Outside New York's Roosevelt Raceway last week, a marquee encouraged passersby to see the INTERNATIONAL ROT. That wasn't actually what the people in charge had in mind, though in view of the eventual results of the 18th International Trot, Americans could agree fully with the sign's sentiment. Track management was unable to explain the case of the missing T, but said that it should be excused since it was close to being correct. "Close," of course, is what racing is all about, the racetrack being the principal forum for excuse-making about what would have been, could have been, or should have been.
Indeed, the race itself—this country's premier international trotting competition and second in importance in trotting circles only to the Hambletonian—offered plenty of excuses for everyone. Beginning with the mile-and-a-quarter distance. For the two U.S. horses, Meadow Bright and Savoir, and the Canadian entry, Snegem Flight, that was a bit long, the mile being the standard distance here. For the two French horses, the two Italian entrants and the Swedish hope, however, the distance was a trifle short. They would have preferred something on the order of a mile and 5/16ths. France's Bellino II, the big betting choice at 3 to 5, would have especially liked that distance. Bellino's idea of a really fun time would be to trot from New York to North Dakota and back.
The second French horse in the race had a less grandiose scheme for amusing himself, but most of the 33,929 fans who crammed themselves into Roosevelt on a perfect summer evening were not aware of it. In fact, most of them had never heard of Equileo, who had never run on this continent before. Too bad. For this unsung beast went off at 19 to 1, never got close to the rail—where everyone knows a horse must trot to win—was ignored by the track announcer as he was back in fourth and fifth for most of the way, and at the finish was, of course, first. That ended a stretch of four straight International wins by American horses.
All of which was way too much for Equileo's by then jubilant trainer and part owner, Pierre D�sir� Allaire, who had insisted before the race, "I tell you, I will be very, very disappointed if Equileo doesn't win. Believe me." Because people in polite circles at important races do not snicker at other human beings, listeners were obliged to turn their backs and smother their laughter in handkerchiefs. For reasons too many to count.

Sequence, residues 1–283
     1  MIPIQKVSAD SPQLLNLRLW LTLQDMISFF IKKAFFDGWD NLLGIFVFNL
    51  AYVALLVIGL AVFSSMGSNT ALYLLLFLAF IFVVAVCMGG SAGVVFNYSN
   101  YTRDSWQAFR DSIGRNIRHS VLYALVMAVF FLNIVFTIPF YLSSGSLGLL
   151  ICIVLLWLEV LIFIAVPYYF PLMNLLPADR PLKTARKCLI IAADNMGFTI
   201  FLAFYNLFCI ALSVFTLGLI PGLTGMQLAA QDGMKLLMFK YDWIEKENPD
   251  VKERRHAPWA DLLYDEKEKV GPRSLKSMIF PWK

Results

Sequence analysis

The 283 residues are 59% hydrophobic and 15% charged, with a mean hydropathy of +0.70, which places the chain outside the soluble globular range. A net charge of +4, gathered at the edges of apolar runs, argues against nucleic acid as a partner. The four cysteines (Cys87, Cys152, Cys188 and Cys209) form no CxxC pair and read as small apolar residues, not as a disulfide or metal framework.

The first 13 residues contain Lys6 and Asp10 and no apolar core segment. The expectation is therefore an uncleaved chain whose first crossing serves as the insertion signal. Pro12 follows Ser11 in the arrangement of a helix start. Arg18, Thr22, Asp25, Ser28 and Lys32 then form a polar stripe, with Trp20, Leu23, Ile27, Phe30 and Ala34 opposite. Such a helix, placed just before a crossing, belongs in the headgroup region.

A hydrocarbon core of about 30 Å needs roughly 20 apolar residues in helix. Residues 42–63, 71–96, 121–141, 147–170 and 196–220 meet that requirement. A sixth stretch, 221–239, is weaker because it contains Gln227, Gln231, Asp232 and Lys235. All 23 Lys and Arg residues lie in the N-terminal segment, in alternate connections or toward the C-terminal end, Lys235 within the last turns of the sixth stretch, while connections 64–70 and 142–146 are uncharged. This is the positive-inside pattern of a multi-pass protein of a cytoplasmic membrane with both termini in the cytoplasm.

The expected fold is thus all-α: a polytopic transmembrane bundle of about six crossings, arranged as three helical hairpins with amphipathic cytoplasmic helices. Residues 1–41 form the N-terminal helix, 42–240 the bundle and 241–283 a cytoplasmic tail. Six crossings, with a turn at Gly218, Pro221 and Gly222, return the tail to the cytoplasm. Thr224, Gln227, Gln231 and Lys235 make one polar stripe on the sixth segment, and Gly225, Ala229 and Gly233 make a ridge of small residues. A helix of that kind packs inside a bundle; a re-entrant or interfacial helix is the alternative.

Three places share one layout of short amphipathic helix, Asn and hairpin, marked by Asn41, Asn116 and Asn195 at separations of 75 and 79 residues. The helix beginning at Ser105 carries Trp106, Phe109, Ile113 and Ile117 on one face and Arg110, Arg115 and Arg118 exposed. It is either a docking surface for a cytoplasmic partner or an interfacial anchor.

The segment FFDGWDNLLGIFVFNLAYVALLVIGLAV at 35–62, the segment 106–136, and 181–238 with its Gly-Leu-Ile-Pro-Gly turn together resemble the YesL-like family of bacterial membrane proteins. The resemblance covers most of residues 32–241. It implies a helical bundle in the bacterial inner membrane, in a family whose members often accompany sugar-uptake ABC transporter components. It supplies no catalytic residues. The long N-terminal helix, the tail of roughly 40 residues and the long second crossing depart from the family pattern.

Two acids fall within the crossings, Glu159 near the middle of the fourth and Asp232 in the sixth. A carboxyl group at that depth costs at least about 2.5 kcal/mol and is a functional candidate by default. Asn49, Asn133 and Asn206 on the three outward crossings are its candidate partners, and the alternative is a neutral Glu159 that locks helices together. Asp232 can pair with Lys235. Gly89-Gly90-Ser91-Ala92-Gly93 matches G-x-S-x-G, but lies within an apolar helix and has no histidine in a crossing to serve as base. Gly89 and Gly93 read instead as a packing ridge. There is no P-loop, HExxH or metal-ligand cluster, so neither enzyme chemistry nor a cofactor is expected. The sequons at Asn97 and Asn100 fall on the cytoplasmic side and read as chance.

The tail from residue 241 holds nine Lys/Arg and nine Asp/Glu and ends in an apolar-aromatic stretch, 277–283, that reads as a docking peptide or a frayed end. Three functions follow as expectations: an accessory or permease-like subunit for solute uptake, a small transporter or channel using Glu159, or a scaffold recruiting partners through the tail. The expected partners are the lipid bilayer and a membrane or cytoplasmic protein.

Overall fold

First, and the main consideration, according to those who claimed to know, was that Driver Bernard Froger was inexperienced on the shorter oval. The International was, in fact, Froger's first drive ever in the U.S. Plus, in 17 previous races against Bellino, Equileo had managed to lose every time. Plus, well, Equileo just wasn't that much of a horse (his best mile rate this year was 2:03.1, slowest in the field) and he might have slipped into complete oblivion had it not been for the other part owner, actor Alain Delon, France's answer to Robert Red-ford. Nevertheless, Froger had a statement before the race: "My horse is just as good as anybody else's." Time to hit the handkerchiefs again.
At which time Allaire strolled to a betting window and plunked down $1,000 to win and $1,000 to place on the critter he purchased five years ago for $4,500. Later he tried not to gloat as he collected his $24,000. For the more timid, a $2 win ticket on Equileo paid $40.60. Only three other horses went off with more betting disrespect than Equileo, and none of them returned a cent.
This year's big disappointment was Bellino II, whom horsemen like to hyperbolize as the greatest French export since Bardot. Last year he won 12 of 18 races, this year 11 of 13 (his other finishes were a second and a third). He has lifetime earnings of $1,530,965 and, before the International, was only $129,662 short of the alltime money record set by another French marvel, Une de Mai.
Admittedly, there were reasons to wonder about Bellino. He was not in his best form. But, experts said, he was in plenty good enough shape to win. In fact, Bellino's people gave the feeling that they thought it was kind of cute that Equileo had been doing little for three months but training for this race on a special half-mile track.
One potential problem was that Bellino is so big he does not perform well on the tight corners of half-mile American tracks. To remedy that, tracksiders speculated he would operate somewhere in the middle of the track, which would add to the distance he had to cover (he could cope with that) but allow him to negotiate the turns more easily. That problem disposed of, everyone fell to telling Bellino stories, such as how he supposedly had a fear of flying before it was a dirty book and how, sad to tell, word was out that Bellino might have more affection for his male friends than for lady visitors.
Driver Jean-Ren� Gougeon flew into town shortly before the race, patted Bellino (he hadn't sat behind him for more than two weeks, which caused another trainer to sniff, "If Bellino wins, I say it will be in spite of his management") and pronounced everything fine. When the horse came in second he changed his view. "For the last month he is just not the same horse as before," he said.